Making configuration even easier with ColdSpring’s hidden gems

In my last post, we went through a brief introduction of ColdSpring and how you can use it to make configuring your application’s objects much easier. We discussed how objects (beans) are declared in ColdSpring’s XML configuration file and how you can pass any number of values into ColdSpring to be used in configuring those beans using the defaultProperties argument when you create the ColdSpring obect. At the end of the post, we touched on a slight “problem” with using ColdSpring this way.

To be fair, the “problem” isn’t with ColdSpring at all. The problem is with us developers–we’re lazy and we hate redundant typing. In a large application with dozens or more objects, we don’t want to constantly have to type ${dsn} every time we want to inject the DSN property into a bean. Multiply dozens of objects by potentially several properties needed by each object and you can set yourself up for quite a bit of typing, just to get the beans configured (and that doesn’t even take into account that most of us are bad typists and can’t spell DSN the same way a dozen times in a row).

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ColdSpring: An answer to a problem you may not know you have

Over the last two years or so I’ve been working hard to really “get” object-oriented programming as it applies to ColdFusion development. Like a lot of ColdFusion developers that have been around a while, when I started trying to create applications using CFCs, I essentially had CFCs that were collections of UDFs. Before long, after talking with other developers that understood OO principles, I started making my CFCs more “object’y” as I learned more about those principles.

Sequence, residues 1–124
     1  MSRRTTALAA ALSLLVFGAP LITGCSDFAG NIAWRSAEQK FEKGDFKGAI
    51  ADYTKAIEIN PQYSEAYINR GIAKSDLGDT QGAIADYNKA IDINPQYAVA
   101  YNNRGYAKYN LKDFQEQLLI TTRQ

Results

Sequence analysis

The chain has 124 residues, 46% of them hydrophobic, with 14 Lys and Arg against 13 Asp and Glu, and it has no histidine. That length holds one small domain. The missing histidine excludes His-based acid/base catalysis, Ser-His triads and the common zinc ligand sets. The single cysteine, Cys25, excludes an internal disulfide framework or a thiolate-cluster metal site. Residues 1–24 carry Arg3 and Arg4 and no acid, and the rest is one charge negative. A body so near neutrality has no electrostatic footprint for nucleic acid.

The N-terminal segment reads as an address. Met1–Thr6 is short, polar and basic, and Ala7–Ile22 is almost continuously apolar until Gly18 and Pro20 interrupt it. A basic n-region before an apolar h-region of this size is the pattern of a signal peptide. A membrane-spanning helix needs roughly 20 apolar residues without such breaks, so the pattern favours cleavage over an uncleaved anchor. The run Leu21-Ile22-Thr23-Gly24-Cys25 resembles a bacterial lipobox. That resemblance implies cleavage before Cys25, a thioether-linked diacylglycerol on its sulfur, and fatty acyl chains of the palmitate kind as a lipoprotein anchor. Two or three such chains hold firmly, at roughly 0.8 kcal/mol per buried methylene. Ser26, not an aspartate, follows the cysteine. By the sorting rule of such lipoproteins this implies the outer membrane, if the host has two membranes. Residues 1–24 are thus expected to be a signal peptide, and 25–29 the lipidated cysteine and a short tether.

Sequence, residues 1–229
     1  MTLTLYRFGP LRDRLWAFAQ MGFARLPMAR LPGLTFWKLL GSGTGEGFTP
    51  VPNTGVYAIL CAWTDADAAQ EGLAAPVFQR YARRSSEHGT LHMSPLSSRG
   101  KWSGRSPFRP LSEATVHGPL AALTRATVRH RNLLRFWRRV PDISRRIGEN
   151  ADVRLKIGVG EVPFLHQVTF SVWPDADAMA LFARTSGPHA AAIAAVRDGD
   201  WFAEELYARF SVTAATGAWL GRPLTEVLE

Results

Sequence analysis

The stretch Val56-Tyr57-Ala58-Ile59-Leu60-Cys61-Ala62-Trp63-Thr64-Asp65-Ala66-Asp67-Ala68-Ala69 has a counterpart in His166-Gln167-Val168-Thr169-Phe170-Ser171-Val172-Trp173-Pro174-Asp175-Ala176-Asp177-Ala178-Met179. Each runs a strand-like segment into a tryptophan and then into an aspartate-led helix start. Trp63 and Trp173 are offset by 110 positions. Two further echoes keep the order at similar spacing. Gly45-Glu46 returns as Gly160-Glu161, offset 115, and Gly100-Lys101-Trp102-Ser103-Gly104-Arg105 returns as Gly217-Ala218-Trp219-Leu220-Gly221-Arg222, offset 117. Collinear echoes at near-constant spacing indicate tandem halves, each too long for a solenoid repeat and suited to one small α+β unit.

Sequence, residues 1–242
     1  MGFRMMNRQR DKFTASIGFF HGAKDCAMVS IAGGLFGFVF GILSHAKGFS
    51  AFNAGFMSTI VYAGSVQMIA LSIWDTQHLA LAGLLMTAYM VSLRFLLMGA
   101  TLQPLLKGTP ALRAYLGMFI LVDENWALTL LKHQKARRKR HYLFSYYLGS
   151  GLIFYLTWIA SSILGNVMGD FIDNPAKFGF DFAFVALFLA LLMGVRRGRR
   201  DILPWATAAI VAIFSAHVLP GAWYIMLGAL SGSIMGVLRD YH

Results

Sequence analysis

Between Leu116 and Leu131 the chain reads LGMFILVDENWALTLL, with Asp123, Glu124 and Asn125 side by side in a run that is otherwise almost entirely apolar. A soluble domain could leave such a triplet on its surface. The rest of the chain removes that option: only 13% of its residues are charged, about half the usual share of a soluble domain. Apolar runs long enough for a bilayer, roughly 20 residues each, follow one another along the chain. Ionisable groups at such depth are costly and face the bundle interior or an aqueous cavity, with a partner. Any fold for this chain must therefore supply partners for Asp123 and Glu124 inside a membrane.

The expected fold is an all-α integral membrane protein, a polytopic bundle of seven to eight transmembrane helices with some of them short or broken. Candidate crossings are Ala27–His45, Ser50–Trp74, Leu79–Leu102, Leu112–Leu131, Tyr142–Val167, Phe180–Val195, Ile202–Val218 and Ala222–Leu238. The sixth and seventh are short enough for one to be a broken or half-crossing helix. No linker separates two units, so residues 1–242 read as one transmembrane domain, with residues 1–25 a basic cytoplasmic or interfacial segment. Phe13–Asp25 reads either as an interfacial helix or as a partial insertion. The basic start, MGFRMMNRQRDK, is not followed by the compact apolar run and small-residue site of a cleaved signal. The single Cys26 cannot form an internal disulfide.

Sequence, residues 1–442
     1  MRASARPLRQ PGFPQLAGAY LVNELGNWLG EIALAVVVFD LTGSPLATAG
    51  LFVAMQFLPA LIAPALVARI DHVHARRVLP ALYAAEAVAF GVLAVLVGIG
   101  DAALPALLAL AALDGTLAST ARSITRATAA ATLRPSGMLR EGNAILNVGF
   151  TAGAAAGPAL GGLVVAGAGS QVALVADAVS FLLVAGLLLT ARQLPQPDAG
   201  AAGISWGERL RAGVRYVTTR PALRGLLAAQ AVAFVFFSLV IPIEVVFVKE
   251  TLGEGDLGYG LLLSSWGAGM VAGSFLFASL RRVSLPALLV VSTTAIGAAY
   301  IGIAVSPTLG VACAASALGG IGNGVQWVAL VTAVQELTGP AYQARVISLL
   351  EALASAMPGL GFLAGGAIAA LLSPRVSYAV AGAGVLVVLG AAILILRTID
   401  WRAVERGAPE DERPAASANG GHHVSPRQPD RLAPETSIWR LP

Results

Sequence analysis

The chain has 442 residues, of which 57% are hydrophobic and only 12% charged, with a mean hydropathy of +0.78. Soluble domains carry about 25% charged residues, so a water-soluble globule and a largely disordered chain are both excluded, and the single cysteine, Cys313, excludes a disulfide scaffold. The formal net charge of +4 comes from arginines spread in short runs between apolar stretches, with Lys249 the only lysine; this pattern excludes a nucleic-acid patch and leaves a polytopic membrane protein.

Along the way I naturally heard about various frameworks related to ColdFusion (Fusebox, Model-Glue, Mach-II, ColdSpring etc etc) but never gave them more than a passing glance as I was trying to cram a bunch of new concepts into my brain as it was and I just didn’t have the mental bandwidth to take on frameworks at the same time (however that has since changed and I’ve had a chance to work with Mach-II and Model-Glue). Eventually I got to the point where my applications used numerous objects and some of those objects required the services of other objects to do their jobs. That’s the point that I really began struggling with the effort involved in writing a good OO application. It took lots of lines of code to create an object, configure it simply to pass it into another object. Sound familiar? Maybe you’re at that point with your ColdFusion OO trek. If so, read on and I’ll introduce you to ColdSpring, a free dependency-injection framework (whoa there, stay with me, don’t let the buzzwords turn you off) that will make your life much easier.

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